And suddenly, Dorothy was back home in Kansas. But here’s the thing: we know she never really left. That nasty Plains tornado knocked her for a loop so when she woke up, she wasn’t really “back” home, she just saw home, along with her friends and family, differently. Auntie Em and all those familiar faces from the farm; the bumbling-but-kind itinerant peddler; her mean neighbor on that rickety old bicycle: nothing had changed, but in some profound, miraculous manner, everything was different. Kansas through new eyes.

Kat and I just returned from two wonderful weeks in France. We spent the first week surrounded by a large gaggle of family and close friends in a chateau in Normandy. For the second week, we took a peek at Provence from Avignon, then hit the big time in Paris. We had wonderful weather. We saw the sights: Notre Dame, the Eiffel Tower, the Arc de Triumph and the Champs-Elysees, the Louvre, the Tuileries and the Luxembourg Gardens. We gaped at fashion, wore scarves, shopped, ate, and drank beyond our means, sat in cafes ’til midnight. On our last night, we went to the Latin Quarter for a creme caramel and a nightcap. We got caught in a downpour (the only rain on our trip!) and darted into a cafe where we listened to a trumpet player’s soulful rendition of “What a Wonderful World” while he stood in the middle of a cobble-stone street, oblivious to the rain pelting down on him, never missing a note. A drink or two later, we splurged, bought an umbrella, and made our damp way back to our lovely apartment in the sixth (thank you Barbara and Miguel!). Woody Allen would have been proud—except he wouldn’t have bought the umbrella.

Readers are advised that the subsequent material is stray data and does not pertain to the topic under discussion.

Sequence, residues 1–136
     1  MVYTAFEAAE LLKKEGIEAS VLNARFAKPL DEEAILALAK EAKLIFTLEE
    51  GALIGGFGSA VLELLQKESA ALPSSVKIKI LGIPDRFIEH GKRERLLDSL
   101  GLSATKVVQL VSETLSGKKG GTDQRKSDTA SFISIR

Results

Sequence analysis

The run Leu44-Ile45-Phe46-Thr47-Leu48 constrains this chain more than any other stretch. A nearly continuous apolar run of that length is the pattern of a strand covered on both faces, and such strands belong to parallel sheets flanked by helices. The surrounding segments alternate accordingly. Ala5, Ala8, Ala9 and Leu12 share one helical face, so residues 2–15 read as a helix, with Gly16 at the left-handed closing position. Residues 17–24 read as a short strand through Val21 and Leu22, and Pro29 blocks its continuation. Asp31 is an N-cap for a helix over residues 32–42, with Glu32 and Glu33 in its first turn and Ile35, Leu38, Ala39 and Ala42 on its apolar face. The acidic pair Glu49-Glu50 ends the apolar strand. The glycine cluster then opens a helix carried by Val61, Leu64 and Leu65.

The next day, we clicked our heels and came back home. (I wish modern travel were really that easy, but for the purposes of this Musing, let’s just pretend it is.) Now life as we knew it is resuming its routines, but in a way, it’s very different this time around. Travel makes more than memories: it’s expansive (in my case, about three pounds expansive); maybe most importantly, travel redraws the lines of the world and allows for alternative ways of looking at and appreciating the most familiar and mundane things in our worlds “back home.”